Ward 5 alderman
I’ve lived in Somerville for over 30 years. I love this city, especially its fantastic mix of people from different backgrounds. Not only do we have cultural and racial diversity, we have socio-economic diversity. I love having relationships with people who do all kinds of work — laborers, tradespeople, social workers, teachers, cooks, servers, artists, doctors, lawyers, software engineers — we’ve got them all.
But perhaps not for much longer. Like parts of Boston, San Francisco, and many other cities, Somerville is experiencing rapidly rising real estate values and rents that threaten to forever change its character.
Mayor Joe Curtatone has talked about Somerville not losing our soul. Recently, former mayor Dorothy Kelly Gay said we’re losing our heart and soul. It’s true. Many of the people who made this city great, their kids, immigrants, and the newer people who make it a funky, dynamic, and eclectic place can no longer afford to live here. Families are being forced to move and take their kids out of our award-winning public schools.
Mayor Curtatone has said we must take bold and dramatic action to preserve some of Somerville’s affordability. He convened a task force I cochaired that came up with 18 strategies to curb gentrification and preserve affordability.
One recommendation we can implement now is to increase from 12.5 percent to 20 percent the inclusionary zoning requirement. With that change, one of every five newly-developed housing units would have to be affordable to households with incomes less than 80 percent of area median income ($69,700 for a family of four).
The Board of Aldermen is currently debating the 20 percent proposal, brought to us with the support of hundreds of residents who signed petitions, spoke at a public hearing, and sent e-mails.
Developers are making tremendous returns on their investments, and benefiting from our hard work over many years to make Somerville a great place to live, work, play, and raise a family.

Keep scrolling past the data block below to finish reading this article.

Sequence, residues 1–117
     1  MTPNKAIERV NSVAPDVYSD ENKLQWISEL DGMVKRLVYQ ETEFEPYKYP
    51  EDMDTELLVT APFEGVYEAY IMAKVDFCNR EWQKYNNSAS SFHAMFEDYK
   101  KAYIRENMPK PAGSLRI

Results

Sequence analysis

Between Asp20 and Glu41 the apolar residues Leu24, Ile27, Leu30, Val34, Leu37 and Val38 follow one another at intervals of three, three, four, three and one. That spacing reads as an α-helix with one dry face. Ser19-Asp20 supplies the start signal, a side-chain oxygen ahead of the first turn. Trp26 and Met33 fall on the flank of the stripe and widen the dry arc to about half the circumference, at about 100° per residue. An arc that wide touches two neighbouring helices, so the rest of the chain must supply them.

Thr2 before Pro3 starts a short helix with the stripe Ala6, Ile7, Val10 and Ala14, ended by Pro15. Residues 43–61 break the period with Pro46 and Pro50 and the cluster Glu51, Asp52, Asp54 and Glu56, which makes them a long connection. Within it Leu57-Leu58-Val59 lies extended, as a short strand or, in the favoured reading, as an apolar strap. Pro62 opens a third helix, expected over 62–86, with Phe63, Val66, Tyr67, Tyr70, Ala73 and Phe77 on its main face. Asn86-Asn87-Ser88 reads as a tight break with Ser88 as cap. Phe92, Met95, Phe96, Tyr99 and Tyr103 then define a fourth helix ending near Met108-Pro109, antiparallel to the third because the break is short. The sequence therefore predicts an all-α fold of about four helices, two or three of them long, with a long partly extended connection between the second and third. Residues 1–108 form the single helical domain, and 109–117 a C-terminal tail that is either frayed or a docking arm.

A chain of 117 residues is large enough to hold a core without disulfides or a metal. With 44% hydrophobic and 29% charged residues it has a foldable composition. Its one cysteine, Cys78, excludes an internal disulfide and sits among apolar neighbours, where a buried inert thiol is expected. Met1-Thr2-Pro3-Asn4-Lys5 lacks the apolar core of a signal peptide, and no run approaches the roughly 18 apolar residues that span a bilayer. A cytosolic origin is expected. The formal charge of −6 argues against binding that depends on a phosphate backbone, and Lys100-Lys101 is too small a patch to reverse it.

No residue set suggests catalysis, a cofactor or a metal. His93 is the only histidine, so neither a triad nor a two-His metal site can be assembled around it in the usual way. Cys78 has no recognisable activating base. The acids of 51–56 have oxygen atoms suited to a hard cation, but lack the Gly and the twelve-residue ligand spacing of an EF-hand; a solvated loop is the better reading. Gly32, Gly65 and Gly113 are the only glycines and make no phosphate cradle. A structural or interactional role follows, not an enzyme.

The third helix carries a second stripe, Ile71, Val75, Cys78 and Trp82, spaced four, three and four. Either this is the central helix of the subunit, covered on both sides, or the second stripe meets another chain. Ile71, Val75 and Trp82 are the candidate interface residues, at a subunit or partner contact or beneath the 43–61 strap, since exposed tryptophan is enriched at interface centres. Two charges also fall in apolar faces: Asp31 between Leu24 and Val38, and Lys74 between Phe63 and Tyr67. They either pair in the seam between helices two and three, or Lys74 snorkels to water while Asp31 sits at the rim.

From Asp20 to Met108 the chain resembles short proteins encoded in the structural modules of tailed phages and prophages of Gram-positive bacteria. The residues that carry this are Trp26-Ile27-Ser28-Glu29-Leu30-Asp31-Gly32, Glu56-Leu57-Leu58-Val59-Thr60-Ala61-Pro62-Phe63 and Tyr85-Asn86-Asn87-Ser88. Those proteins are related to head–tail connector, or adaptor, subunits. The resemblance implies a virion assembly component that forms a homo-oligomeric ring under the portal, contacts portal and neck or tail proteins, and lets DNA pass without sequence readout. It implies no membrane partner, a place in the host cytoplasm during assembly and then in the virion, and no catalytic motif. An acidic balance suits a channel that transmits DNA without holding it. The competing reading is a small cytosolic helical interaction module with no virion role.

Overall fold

In the view of the vast majority of Somerville residents, the danger we face is that in 10 or 20 years, only rich people will be able to live here — unless we take bold action now. A 20 percent inclusionary affordable housing requirement is strong medicine, but we are battling to preserve the heart and soul of our community.
Alderman at large, small business owner
As a native of Somerville, a lifetime resident, and a small business owner in the city, I know of no one in the community who opposes affordable housing. Yet the citizen-proposed inclusionary zoning petition to increase the required minimum rate for affordable housing units from 12.5 percent for structures of eight units or more to 20 percent for structures of six units or more is not in the best interest of Somerville just now, prior to long-overdue zoning reform.
Recently, RKG Associates was hired by the city to conduct an economic analysis of the proposal. It concluded that the expanded requirement “could have the opposite effect the city wants by creating a situation where residential development is slowed, resulting in the production of fewer residential units including affordable units.”
Presently, the city is looking at a complete overhaul of all of the current zoning ordinances, which go back to 1990. It defies the bounds of comprehension to me to pull this inclusionary discussion out of the weave of very intricate requirements needed to sew this complex new zoning tapestry together for decades to come.
Boston and Cambridge both require developers to set aside affordable units but at percentages below what is being proposed for Somerville. Such an increase will be a disincentive for developers to work in Somerville, especially in light of additional expenses and taxes developers face here. Those include recently increased permitting costs; a Community Preservation Act property tax surcharge; commercial linkage fees that go to affordable housing; and a proposed job linkage fee, not to mention the skyrocketing costs of property acquisition.
Median single-family home prices in Somerville appreciated by 29 percent from 2014 to 2015, the largest increase among the 156 Greater Boston communities, according to Boston Magazine. It is not likely that this rate is sustainable, or that interest rates will stay low forever. And let’s not forget the questionable status of the Green Line Extension coming into Somerville, for which a decision by the MBTA is expected this May.
Let’s get the comprehensive Somerville zoning overhaul done, which will include a thorough vetting of the inclusionary zoning increase proposal as part of — and not separate from — the complete rezoning package: Why put that at risk with a rushed, solo half measure?